The need to make everything simple

19 May 2023

The world and our life have become very complex. Most people can’t bear it. As a result, we try to oversimplify things, formulating interpretations, proposals, and solutions that might make sense. On social media, on the internet, as well as the comments on the news by trolls, these come close to being ‘magic’. Commentators show themselves to be absolutely convinced of the certainty of their truth. They have the air of a know-all. They feel that they comprehend the issue they’re dealing with so well that it can be resolved in ten words, nine of which are dismissive, demeaning or sarcastic. Even those who harbor ambitions as politicians formulate or espouse proposals and programs which, if implemented, would have little or nothing to do with the situation which, in theory, they want to reshape.

The same’s true in matters of faith. Veneration of the relics of saints or of icons of the Mother of God  is considered by some to be an expression of great faith and by others to be great superstition. It’s as if nobody goes to our Lady or the saints without their own concerns, problems, sorrows, dreams and certainties; as if the commentator’s in the mind and heart of each and every person. But simplification’s easy, because it functions on the level of impressions and makes commentators project their own, inner state, their own will, onto the people they either accept or reject.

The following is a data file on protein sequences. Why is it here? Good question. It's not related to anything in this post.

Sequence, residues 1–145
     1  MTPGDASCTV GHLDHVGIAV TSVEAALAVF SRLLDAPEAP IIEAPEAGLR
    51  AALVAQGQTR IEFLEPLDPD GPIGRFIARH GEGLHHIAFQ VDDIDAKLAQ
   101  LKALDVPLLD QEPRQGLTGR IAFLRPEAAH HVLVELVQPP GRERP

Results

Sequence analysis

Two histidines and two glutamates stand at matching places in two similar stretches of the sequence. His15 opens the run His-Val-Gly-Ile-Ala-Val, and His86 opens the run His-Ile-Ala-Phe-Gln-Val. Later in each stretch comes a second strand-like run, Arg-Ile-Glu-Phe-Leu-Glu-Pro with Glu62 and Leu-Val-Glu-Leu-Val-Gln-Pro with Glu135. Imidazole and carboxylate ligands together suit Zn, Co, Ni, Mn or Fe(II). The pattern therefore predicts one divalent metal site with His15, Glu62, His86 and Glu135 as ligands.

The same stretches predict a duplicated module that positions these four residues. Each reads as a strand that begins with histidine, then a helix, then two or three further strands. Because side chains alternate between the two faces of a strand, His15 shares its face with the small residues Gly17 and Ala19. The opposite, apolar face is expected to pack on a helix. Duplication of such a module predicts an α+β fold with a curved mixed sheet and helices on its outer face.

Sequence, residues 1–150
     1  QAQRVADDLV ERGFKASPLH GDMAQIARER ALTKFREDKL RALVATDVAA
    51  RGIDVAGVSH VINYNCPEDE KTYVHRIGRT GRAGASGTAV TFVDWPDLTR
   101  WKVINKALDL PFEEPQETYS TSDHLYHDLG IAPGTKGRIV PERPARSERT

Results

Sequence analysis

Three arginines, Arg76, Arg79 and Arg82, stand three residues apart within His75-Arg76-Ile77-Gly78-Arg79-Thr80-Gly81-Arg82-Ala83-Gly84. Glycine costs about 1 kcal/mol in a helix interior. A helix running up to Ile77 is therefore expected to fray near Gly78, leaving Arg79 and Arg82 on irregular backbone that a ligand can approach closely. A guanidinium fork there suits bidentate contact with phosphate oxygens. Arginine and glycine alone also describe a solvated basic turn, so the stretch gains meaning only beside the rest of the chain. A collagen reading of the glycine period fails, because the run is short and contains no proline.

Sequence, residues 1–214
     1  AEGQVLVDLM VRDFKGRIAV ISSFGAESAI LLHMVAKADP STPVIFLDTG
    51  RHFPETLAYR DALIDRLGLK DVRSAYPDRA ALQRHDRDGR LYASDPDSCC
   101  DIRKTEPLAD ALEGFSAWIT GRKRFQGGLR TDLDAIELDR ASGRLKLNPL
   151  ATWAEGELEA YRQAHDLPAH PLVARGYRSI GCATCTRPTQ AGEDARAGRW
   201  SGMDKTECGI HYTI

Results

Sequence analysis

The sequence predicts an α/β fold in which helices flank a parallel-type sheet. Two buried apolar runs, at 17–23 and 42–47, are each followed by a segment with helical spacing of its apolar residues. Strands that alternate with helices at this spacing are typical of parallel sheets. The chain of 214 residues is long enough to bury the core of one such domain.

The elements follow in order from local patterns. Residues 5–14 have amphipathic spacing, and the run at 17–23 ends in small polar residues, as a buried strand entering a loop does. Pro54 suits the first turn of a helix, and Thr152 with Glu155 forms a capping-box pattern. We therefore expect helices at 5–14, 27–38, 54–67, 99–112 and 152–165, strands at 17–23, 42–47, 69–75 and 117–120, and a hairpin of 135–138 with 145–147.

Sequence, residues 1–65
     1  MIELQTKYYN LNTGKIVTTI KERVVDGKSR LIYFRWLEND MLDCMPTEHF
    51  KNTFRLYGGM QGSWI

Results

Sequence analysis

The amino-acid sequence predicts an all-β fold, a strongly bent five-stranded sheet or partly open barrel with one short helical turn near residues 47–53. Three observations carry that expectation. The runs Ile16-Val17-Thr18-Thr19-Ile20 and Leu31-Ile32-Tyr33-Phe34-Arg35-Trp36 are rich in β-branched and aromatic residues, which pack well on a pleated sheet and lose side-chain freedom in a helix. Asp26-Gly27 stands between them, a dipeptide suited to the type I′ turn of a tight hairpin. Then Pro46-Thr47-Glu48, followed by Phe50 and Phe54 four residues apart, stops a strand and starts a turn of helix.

It’s not skepticism nor relativism for people to stand before the world and life with patience and carefulness. To avoid simplifications. To not become ridiculous by stating platitudes, sarcasm and certainties, which they wish later that others will forget. It’s humility. It’s the Socratic maxim: ‘I know one thing: that I know nothing’, in the face of a world full of complexity, and contradictions in the way it’s structured. It’s seeing genuinely fallen people who haven’t surrendered to the love and grace of God (because, in reality, only love is simple), preferring instead to deify their own ego, from whatever direction their motives may come, and to show that they know, that they’re first, that they’re worthy. It’s hard for such people to learn. They don’t do so because they don’t trust, aren’t patient, don’t train. Besides, in order to learn you have to feel the need to.

The oversimplification that fills you with certainties doesn’t allow you to see your shortcomings. It’ll always be the fault of others for not ‘getting’ your message or positions. But you should bear in mind that people’s thoughts are too complex for you to ensnare them with your own proposals and interpretations, which are, in the end, inadequate. No matter how misguided you are, the one thing that’s certain is that it’s not your fault. And you’ll come back with new simplifications, hoping that, this time, you’ll succeed. But even if you manage to do so, briefly, with lots of likes, hearts or votes, you’ll still be taken down later. Some other, more successful oversimplification will beat yours and you’ll be crushed.

So should we not try? Let’s look into things properly. Let’s have a position, and view and proposal that embraces the world as it is. So that we can take a step towards how we want things to be.